How Captain Beefheart Focused In With ‘Lick My Decals Off, Baby’
In a few short years, Don Van Vliet, better known as Captain Beefheart, went from making fairly conventional rough-and-tumble R&B music to creating an entirely new and previously unheard world of sound.
His leap from the 1966 single "Diddy Wah Diddy" to his debut album, Safe as Milk, the following year was triumphant and daring, but the next jump, to the totally unhinged Trout Mask Replica in 1969, was a Grand Canyon-sized vault. While scraps of his blues roots were still trying to hold things together, Captain Beefheart was now totally off the rails and clearly on his own path.
By the time of his next album, 1970's Lick My Decals Off, Baby, he was starting to pull the loose ends together in a slightly more coherent vision while still letting his musical adventures run wild. He'd continue this direction for his next two albums, The Spotlight Kid and Clear Spot, where the chaos would merge with the somewhat more traditional to form a perfect union. Lick My Decals Off, Baby – which would be Beefheart's last LP with Frank Zappa's Straight label – rode that line to victory.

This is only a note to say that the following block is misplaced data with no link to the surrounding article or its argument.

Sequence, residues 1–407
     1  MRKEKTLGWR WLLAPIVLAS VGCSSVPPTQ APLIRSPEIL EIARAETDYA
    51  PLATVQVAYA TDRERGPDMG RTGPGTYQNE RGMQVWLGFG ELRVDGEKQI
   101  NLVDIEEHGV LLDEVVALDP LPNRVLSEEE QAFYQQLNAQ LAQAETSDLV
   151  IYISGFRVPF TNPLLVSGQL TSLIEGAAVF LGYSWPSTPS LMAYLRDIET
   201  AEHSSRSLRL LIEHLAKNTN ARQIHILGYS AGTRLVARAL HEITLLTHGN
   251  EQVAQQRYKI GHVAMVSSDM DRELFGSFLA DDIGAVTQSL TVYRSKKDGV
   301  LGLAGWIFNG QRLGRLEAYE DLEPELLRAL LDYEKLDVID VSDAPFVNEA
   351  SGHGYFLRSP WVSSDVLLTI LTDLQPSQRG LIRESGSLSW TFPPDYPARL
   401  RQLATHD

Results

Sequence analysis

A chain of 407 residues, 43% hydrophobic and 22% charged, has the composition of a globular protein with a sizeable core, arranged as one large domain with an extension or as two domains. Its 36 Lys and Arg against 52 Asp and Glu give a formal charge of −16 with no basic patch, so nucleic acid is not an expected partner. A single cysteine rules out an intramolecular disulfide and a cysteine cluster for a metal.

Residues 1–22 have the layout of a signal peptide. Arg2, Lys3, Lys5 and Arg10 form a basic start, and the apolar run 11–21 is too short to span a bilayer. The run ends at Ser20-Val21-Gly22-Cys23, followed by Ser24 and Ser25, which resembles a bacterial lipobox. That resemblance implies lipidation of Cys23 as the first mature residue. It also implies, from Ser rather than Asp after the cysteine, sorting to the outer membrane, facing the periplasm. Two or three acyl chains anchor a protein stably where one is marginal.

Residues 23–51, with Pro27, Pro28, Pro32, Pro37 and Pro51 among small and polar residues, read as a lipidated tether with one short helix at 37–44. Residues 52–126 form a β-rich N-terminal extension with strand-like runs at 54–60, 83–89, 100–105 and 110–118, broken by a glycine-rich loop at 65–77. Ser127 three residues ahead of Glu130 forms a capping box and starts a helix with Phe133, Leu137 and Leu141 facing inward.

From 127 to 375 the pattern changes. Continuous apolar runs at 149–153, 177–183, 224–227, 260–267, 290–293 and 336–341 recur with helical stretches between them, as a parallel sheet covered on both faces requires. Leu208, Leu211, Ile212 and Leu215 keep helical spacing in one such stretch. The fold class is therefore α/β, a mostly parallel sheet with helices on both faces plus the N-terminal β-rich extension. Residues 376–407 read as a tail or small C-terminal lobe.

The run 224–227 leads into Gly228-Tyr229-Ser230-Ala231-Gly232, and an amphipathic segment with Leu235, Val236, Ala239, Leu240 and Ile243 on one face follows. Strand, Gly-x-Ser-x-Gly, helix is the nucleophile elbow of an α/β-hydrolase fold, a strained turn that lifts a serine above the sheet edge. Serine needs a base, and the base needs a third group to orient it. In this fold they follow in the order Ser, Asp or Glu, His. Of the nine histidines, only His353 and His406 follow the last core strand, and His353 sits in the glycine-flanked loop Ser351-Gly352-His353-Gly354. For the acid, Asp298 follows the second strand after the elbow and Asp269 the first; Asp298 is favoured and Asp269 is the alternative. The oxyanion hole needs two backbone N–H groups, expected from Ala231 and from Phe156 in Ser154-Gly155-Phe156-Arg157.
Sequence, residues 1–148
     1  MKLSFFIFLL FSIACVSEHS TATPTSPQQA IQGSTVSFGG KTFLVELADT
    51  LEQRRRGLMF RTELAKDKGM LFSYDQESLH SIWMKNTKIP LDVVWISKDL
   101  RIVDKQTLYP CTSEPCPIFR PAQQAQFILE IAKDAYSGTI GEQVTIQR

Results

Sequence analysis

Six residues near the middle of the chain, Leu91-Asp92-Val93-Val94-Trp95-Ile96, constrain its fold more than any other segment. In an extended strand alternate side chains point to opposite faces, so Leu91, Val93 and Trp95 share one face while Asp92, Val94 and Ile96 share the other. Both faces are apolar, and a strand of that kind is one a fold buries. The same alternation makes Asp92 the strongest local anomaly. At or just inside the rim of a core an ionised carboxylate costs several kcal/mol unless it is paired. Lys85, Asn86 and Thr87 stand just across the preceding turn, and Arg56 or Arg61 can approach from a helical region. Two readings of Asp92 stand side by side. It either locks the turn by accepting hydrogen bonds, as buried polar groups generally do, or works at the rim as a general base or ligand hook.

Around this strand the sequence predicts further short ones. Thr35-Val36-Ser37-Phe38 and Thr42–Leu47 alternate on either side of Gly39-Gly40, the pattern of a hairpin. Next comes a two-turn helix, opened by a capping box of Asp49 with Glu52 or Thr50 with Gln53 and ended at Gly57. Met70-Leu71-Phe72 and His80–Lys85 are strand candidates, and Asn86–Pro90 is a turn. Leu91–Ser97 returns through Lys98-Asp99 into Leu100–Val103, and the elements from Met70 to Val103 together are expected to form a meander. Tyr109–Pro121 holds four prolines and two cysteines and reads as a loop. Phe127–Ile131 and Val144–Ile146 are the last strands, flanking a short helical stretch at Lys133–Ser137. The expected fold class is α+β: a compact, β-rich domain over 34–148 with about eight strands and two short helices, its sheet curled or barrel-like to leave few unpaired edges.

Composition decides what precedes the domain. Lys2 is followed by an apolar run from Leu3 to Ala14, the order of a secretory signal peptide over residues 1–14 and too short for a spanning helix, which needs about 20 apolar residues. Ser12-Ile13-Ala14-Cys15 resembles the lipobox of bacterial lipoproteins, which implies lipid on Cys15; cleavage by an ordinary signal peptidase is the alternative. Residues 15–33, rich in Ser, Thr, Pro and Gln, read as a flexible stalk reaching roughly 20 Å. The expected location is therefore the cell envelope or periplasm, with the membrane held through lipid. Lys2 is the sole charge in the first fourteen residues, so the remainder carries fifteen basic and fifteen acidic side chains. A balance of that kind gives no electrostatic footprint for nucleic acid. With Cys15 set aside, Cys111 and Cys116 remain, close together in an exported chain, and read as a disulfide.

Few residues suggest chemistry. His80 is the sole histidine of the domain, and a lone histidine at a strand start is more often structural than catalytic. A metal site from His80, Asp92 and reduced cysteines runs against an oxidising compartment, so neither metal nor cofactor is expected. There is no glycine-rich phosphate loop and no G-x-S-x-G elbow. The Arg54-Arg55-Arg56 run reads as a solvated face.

To many listeners unfamiliar with Captain Beefheart's music, the record probably sounds like insanity on parade, but his poetic and chaotic charge is a thing to behold. And his vision is supplemented by the Magic Band, a group of musicians assembled to make it all work. Just listen to the title track and "Doctor Dark," jarring slaps to the head that reshuffles the blues in brand new ways.
They begin to pull the frayed edges together on "I Love You, You Big Dummy" to form a more straightforward raunchy blues, complete with Beefheart's beastly harp leading a blender spin of Howlin' Wolf, Ornette Coleman and Grouch Marx. Songs like "Space Age Couple" and "The Clouds Are Full of Wine (Not Whiskey or Rye)" blast urgency, while "Flash Gordon's Ape" is a crazy burst of free jazz barreling downhill.
Lick My Decals Off, Baby wasn't exactly a commercial hit, but it managed to log two months on the U.K. chart, thanks to the championing of legendary DJ John Peel. The label even made one of history's most bizarre television commercials to promote the album, which is a mesh of primal howl and surrealist slap that burns into the brain. Trout Mask Replica confused (and even angered) fans; Lick My Decals Off, Baby is a more accessible LP that somehow doesn't lose its predecessor's absurdity or humor. It's a pure distillation of chaos and creation, Captain Beefheart style.